Author Archives: Sylvia Morris

Shakespeare on the centenary of the Armistice

The progress of the 1914-1918 Great War has been closely followed in the UK over the past four years. Radio and TV programmes, and major events have ensured we could not forget the dreadful events of 100 years ago. In … Continue reading

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Cicely Berry, Head of Voice for the RSC

Cicely Berry’s name rarely appeared on any of the publicity for the RSC theatre productions in which she’d been involved, normally being tucked away towards the bottom of the cast list as Head of Voice. Unlike the contributions of designers … Continue reading

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Hall, Barton and Goodwin: three grand old men of the RSC

At the end of August it begins to feel that summer is coming to a close and autumn is on its way. While this can feel like the time when things start to close down for winter, for many people … Continue reading

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Shakespeare and the People’s Vote

While the Stratford4Europe group were waiting for the coach back from the People’s Vote March on 23 June 2018, somebody asked “Which way would Shakespeare have voted in the Referendum?” One of the party checked Google and pronounced that most … Continue reading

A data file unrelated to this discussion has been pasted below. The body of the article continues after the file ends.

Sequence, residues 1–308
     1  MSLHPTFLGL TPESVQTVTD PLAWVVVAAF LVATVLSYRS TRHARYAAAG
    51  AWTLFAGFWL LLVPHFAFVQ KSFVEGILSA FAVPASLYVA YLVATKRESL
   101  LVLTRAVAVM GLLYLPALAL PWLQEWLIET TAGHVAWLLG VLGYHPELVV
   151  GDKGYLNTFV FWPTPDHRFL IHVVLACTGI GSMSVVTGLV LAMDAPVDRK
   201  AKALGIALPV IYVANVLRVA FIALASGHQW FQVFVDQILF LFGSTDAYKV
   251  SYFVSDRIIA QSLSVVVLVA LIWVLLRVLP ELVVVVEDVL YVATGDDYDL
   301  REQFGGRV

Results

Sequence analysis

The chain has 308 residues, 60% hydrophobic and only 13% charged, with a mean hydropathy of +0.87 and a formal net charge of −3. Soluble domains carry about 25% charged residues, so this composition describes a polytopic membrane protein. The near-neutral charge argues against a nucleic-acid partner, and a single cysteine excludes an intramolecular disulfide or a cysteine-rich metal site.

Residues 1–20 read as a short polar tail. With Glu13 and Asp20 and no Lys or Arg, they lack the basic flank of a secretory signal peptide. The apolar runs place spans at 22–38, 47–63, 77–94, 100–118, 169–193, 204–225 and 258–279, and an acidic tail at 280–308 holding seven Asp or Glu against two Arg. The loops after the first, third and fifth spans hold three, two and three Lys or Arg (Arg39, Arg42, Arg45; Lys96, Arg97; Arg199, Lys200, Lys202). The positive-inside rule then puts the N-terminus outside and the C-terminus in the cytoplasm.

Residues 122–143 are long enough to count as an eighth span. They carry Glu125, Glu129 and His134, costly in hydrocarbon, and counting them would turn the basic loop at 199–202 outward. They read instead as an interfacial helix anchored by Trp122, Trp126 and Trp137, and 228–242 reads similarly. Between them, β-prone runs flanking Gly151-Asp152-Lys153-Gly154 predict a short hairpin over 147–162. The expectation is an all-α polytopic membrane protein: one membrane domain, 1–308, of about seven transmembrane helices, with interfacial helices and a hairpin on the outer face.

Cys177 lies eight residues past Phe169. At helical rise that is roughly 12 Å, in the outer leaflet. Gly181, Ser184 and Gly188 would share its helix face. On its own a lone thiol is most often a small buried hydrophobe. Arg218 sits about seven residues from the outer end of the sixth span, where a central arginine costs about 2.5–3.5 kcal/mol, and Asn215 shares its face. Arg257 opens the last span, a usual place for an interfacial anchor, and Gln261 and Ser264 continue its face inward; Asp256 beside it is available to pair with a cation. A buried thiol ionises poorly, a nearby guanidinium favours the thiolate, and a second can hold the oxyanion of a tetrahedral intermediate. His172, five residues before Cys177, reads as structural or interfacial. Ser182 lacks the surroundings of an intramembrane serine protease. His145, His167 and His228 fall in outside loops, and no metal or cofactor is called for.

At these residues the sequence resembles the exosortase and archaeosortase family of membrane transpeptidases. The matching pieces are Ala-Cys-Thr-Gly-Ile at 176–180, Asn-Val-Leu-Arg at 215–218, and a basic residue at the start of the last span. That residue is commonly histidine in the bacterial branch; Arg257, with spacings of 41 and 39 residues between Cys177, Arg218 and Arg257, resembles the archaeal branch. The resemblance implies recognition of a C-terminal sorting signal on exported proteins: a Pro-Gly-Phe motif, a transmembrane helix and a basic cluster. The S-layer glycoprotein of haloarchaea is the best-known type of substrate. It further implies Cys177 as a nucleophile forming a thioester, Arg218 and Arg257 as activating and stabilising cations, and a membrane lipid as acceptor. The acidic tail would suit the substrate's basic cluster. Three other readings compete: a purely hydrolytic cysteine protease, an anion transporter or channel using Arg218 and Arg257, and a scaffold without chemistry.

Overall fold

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Shakespeare and the strangers: Refugee Week

This week, 18-24 June 2018, has been Refugee Week in the UK . This is its twentieth year, timed to coincide with the worldwide Refugee Day, 20 June. The need to remember the plight of refugees is just as acute, … Continue reading

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Donmar’s all-female Shakespeare Trilogy comes to TV

I’ve written a number of blog posts, over several years, about Phyllida Lloyd’s all-female Shakespeare trilogy that began at the Donmar Warehouse theatre in London. One’s here, and here’s another. It wasn’t an obvious trilogy, starting with Julius Caesar, then … Continue reading

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Philip Massinger re-read: #MassiMara

It’s become a tradition now for the Shakespeare Institute in Stratford-upon-Avon to spend most of June reading the surviving works of writers contemporary with Shakespeare. In 2018, beginning on 11 June, it’s the turn of Philip Massinger, one of the … Continue reading

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Rehabilitating Shakespeare’s “she-wolf of France”, Margaret of Anjou

  For many years attempts have been made to establish that Richard III was not the out and out villain that Shakespeare presents to us, a difficult task since Richard III is one of his most compelling characters in a … Continue reading

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Anthony Hopkins’ King Lear

The Shakespeare event of the Bank Holiday weekend is the new version of King Lear to be screened by BBC2 on Monday 28 May 2018. And hopefully people won’t be too tired after a day having fun to tune in, … Continue reading

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The Old Vic at 200

11 May 2018 is the 200th anniversary of the opening of one of the most important theatres in the UK, known as the Old Vic. It was originally named the Royal Coburg Theatre, after Prince Leopold of Saxe-Coburg and his … Continue reading

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